In January, when Joe Biden was inaugurated President, new coronavirus cases were averaging as many as 250,000 per day and the new administration faced the daunting task of rolling out limited vaccines.

In a positive turn, we are now reporting about 70,000 new coronavirus infections per day and this past Saturday, we set a single-day record of 4.6 million vaccine doses delivered.

It remains very clear that the next two to three months of coronavirus management, vaccine distribution, and overall leadership on healthcare will be significantly important to the Biden administration’s success, as well as Democrats’ chances in the 2022 midterms for US House and Senate.

Above all, based on the FDA and CDC’s latest recommendation to briefly pause distribution of the Johnson & Johnson vaccine, the Biden administration and Democrats must redouble their efforts to increase vaccine education and confidence. Further, they would benefit greatly politically from doing so in a bipartisan fashion.

Some experts argue that the pause indicates that vaccine safety checks are indeed working, given that the checks have identified what are, in essence, one-in-a-million cases of blood clots. Yet, the unintended consequence may also be an increase vaccine hesitancy among those who have not yet received their vaccine or just recently became eligible.

Accordingly, a bipartisan vaccine education campaign must focus on two central features:

First, safety. The vaccine is the most important tool to reduce new cases, reduce hospitalizations, and save lives. Further, millions in the US and indeed around the world have received one or two doses with no side effects other than what might be expected from an average vaccine. In fact, widespread vaccination in countries like Israel and the UK has succeeded in reducing negative health outcomes.

Second, economic incentives. It’s clear that for the US economy, the vaccine is the strongest catalyst for economic recovery and expansion in 2021. Vaccination is not only the leading way to reopen businesses safely, but also to create jobs and new economic opportunities across our country. Average consumers can also finally enjoy live events and experiences once again, from sports to concerts to travel or simply dining out.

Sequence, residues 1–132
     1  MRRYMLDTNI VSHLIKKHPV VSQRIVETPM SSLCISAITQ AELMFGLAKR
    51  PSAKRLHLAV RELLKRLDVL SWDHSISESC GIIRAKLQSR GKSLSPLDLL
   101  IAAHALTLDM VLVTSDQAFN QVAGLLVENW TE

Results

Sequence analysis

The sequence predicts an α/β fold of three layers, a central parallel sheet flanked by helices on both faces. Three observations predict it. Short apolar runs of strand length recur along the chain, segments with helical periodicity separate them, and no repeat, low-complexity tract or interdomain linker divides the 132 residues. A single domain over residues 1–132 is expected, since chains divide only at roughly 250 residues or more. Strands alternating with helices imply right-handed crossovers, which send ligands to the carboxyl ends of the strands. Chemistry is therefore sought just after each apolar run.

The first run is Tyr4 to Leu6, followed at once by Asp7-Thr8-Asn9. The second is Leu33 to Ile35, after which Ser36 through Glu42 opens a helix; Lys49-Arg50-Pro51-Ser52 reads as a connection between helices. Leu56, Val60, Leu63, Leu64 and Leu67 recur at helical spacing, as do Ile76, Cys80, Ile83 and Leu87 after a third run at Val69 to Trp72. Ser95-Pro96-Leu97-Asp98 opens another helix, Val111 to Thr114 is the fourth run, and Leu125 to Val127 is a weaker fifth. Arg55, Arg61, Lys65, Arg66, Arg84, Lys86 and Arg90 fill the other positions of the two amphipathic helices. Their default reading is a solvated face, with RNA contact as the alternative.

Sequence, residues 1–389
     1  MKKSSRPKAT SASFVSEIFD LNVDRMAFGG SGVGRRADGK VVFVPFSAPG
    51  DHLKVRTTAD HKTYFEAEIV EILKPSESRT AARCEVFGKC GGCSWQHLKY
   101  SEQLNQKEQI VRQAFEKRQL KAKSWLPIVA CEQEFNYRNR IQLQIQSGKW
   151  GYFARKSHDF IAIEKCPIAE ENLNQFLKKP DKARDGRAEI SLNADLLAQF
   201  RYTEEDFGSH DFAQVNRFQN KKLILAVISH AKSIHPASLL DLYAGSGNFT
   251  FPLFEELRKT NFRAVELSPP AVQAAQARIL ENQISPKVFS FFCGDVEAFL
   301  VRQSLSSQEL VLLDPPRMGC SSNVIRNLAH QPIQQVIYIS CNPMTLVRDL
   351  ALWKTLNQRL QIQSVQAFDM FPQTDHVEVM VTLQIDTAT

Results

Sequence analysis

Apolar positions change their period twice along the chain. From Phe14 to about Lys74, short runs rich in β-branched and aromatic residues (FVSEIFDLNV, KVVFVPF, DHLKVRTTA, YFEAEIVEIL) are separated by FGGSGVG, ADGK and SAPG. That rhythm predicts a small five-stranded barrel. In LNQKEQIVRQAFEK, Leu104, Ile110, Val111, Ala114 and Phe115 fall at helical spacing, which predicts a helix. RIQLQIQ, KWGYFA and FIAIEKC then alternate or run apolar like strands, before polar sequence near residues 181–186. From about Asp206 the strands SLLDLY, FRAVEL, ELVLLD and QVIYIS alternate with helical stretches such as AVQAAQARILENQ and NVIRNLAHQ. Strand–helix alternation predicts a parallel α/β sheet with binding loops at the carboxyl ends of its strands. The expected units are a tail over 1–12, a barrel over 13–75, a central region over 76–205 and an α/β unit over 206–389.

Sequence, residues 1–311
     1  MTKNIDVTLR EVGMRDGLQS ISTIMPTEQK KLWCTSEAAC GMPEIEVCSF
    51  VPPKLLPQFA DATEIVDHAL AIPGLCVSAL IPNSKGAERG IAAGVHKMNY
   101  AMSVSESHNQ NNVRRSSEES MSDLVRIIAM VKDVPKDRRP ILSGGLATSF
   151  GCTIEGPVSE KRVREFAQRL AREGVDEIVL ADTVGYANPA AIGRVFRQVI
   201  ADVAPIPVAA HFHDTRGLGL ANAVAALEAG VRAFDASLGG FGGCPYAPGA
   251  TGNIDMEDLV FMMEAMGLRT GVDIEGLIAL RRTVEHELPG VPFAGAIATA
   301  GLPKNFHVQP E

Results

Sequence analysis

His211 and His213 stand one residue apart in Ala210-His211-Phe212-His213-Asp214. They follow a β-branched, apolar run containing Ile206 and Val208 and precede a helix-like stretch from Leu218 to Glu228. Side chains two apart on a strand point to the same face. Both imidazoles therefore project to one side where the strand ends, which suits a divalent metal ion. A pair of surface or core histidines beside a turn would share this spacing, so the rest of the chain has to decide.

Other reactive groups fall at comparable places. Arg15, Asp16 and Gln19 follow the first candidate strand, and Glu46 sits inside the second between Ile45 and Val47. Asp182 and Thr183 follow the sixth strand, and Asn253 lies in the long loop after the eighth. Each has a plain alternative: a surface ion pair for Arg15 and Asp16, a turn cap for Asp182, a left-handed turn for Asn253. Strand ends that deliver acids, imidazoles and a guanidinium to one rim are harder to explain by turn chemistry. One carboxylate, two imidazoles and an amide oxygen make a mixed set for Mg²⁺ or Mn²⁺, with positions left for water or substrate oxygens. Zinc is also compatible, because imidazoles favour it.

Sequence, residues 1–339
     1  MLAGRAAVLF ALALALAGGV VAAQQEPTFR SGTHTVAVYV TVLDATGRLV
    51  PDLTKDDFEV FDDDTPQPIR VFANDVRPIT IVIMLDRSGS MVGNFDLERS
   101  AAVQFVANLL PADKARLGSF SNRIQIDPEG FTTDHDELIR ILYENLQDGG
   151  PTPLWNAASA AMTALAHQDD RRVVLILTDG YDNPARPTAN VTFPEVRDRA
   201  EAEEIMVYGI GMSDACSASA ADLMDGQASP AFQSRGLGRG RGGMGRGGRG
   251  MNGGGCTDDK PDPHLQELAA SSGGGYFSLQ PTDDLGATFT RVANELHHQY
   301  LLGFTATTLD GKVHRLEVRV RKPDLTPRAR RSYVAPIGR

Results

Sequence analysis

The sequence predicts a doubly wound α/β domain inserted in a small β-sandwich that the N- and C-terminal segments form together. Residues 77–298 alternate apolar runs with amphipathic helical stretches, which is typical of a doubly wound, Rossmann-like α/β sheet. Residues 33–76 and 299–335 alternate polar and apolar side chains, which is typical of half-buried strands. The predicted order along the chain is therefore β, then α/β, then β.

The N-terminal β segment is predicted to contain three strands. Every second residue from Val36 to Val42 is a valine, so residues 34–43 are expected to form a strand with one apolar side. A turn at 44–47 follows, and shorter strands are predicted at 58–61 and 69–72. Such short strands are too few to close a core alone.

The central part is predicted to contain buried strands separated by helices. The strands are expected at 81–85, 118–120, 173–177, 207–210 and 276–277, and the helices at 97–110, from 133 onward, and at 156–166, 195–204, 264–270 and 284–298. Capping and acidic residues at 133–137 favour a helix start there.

Looking forward, it is also critical that the Biden administration leads from the front on shoring up our healthcare infrastructure to support both the current vaccine rollout and what our healthcare system will need to look like in the future.

In the near future, we will face the potential need for booster shots of the vaccine and varying health implications for people who previously recovered from a COVID-19 infection.

The recent stimulus bill will go a long way in supporting the continued rollout of the vaccine and help establish effective vaccination systems for the future.

The question of how we best deliver affordable and accessible healthcare to people who recovered from a COVID-19 infection, as well as the millions more Americans with preexisting conditions, remains an open question.

When the Democrats retook the House in 2018, the majority of successful candidates from swing districts ran on improving the Affordable Care Act, and President Biden has also promised to make health care more affordable.

While the ultimate goal may be to reform health care by adding a public option or lowering the eligibility age for Medicare, the time isn’t now.

Instead, Biden and the Democrats should look to ways to make healthcare and prescription drugs more affordable right away. This can and should include immediate action to lower prescription drug prices through rebate reforms, so patients can get the medications and treatments they need as the fight against the pandemic carries on.

Giving prescription drug rebates directly to Americans—instead of rebates going to insurance companies—can easily expand access to new treatments and lower out-of-pocket costs at a time when many in the economy continue to struggle.

By making prescription drug affordability a priority alongside vaccine education, Biden and the Democrats can help average people, and indeed their base voters, immediately.

It’s time for the administration to deliver on their healthcare promises of defeating the coronavirus and making healthcare more affordable—two promises that delivered them a unified Democratic government in 2020. Though, if the Biden administration and Democrats fail to follow through on these promises, they risk losing their unified government in 2022.